And because this historic expansion of the Corporation for National and Community Service requires someone with both bold vision and responsible management experience, I have chosen Mary Eitel as its new CEO. The founder and first president of the Nike Foundation, Mary is a smart and innovative thinker, and a leader who shares my belief in the power of service. And I also wanted to thank the acting CEO, Nicky Goren, for guiding the corporation through this transition.
A week from tomorrow marks the 100th day of my administration. In those next eight days, I ask every American to make an enduring commitment to serving your community and your country in whatever way you can. Visit whitehouse.gov to share your stories of service and success. And together, we will measure our progress not just in the number of hours served or volunteers mobilized, but in the impact our efforts have on the life of this nation.
We’re getting started right away—this afternoon, I’ll be joined by President Clinton and Michelle and Joe Biden and Dr. Biden to plant trees in a park not far from here. It’s as simple as that. All that’s required on your part is a willingness to make a difference. And that is, after all, the beauty of service. Anybody can do it. You don’t need to be a community organizer, or a senator, or a Kennedy (Laughter) or even a President to bring change to people’s lives.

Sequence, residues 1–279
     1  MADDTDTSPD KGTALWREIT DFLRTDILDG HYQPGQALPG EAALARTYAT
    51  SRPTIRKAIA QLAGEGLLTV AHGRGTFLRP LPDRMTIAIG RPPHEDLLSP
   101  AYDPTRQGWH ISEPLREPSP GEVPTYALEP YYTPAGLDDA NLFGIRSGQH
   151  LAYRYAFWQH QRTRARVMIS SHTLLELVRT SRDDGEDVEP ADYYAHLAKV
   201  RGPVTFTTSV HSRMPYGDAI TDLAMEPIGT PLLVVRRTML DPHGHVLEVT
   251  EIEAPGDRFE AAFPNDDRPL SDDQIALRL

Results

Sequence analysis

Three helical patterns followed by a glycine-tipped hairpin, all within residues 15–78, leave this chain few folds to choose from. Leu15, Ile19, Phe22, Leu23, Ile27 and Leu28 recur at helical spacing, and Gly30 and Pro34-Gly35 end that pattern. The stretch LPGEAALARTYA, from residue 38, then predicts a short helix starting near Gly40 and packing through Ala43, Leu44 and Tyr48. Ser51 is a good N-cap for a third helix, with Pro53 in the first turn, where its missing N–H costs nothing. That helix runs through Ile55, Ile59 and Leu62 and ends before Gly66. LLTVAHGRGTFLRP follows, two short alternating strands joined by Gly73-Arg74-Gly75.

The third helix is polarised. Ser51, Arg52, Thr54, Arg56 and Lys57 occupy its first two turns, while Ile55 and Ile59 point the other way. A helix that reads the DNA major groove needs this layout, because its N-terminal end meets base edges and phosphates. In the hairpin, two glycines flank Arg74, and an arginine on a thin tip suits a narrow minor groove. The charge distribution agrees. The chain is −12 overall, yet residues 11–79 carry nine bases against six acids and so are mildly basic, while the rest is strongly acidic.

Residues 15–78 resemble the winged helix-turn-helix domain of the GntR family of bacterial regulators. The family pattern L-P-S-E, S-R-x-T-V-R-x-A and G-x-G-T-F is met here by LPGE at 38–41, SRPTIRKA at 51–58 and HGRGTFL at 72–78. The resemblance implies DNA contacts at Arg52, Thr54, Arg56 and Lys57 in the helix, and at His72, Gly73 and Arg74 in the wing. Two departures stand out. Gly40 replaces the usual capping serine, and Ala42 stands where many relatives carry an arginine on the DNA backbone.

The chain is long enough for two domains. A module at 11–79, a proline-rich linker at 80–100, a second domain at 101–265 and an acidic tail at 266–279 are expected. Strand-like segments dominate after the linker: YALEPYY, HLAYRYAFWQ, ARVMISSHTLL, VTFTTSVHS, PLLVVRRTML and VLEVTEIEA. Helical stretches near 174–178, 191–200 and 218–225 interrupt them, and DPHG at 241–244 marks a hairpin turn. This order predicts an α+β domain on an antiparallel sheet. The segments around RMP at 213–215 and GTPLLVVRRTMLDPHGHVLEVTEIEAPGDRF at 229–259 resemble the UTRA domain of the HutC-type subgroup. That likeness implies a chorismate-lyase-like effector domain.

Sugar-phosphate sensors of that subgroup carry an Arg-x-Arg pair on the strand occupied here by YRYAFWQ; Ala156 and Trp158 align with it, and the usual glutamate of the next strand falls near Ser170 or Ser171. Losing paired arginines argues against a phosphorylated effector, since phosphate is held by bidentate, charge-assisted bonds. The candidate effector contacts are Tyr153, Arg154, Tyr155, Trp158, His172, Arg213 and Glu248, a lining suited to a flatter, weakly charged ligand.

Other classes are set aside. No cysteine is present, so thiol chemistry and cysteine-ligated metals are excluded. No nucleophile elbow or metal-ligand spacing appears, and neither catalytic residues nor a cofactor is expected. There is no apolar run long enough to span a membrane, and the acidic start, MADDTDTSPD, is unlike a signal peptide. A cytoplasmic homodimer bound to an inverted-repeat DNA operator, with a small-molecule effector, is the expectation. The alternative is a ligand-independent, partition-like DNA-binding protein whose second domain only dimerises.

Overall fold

When Ted Kennedy makes this point, he also tells a story as elegantly simple as it is profound. An old man walking along a beach at dawn saw a young man pick up a starfish and throwing them out to sea. “Why are you doing that?” the old man inquired.
The young man explained that the starfish had been stranded on the beach by a receding tide, and would soon die in the daytime sun. “But the beach goes on for miles,” the old man said. “And there are so many. How can your effort make any difference?” The young man looked at the starfish in his hand, and without hesitating, threw it to safety in the sea. He looked up at the old man, smiled, and said: “It will make a difference to that one.” (Laughter)
To Ted, that’s more than just a story. For even in the midst of his epic fights on the floor of the Senate to enact sweeping change, he’s made a quiet trek to a school not far from the Capitol, week after week, year after year, without cameras or fanfare, to sit down and read with one solitary child.
Ted Kennedy is that young man who will not rest until we’ve made a difference in the life of every American. He walks down that beach and he keeps on picking up starfish, tossing them into the sea. And as I sign this legislation, I want all Americans to take up that spirit of the man for whom this bill is named; of a President who sent us to the moon; of a dreamer who always asked “Why not?”—of a younger generation that carries the torch of a single family that has made an immeasurable difference in the lives of countless families.
We need your service right now, at this moment in history. I’m not going to tell you what your role should be; that’s for you to discover. But I’m asking you to stand up and play your part. I’m asking you to help change history’s course, put your shoulder up against the wheel. And if you do, I promise you your life will be richer, our country will be stronger, and someday, years from now, you may remember it as the moment when your own story and the American story converged, when they came together, and we met the challenges of our new century.
Thank you very much, everybody. I’m going to sign this bill.
Corporation for National and Community Service — nationalservice.gov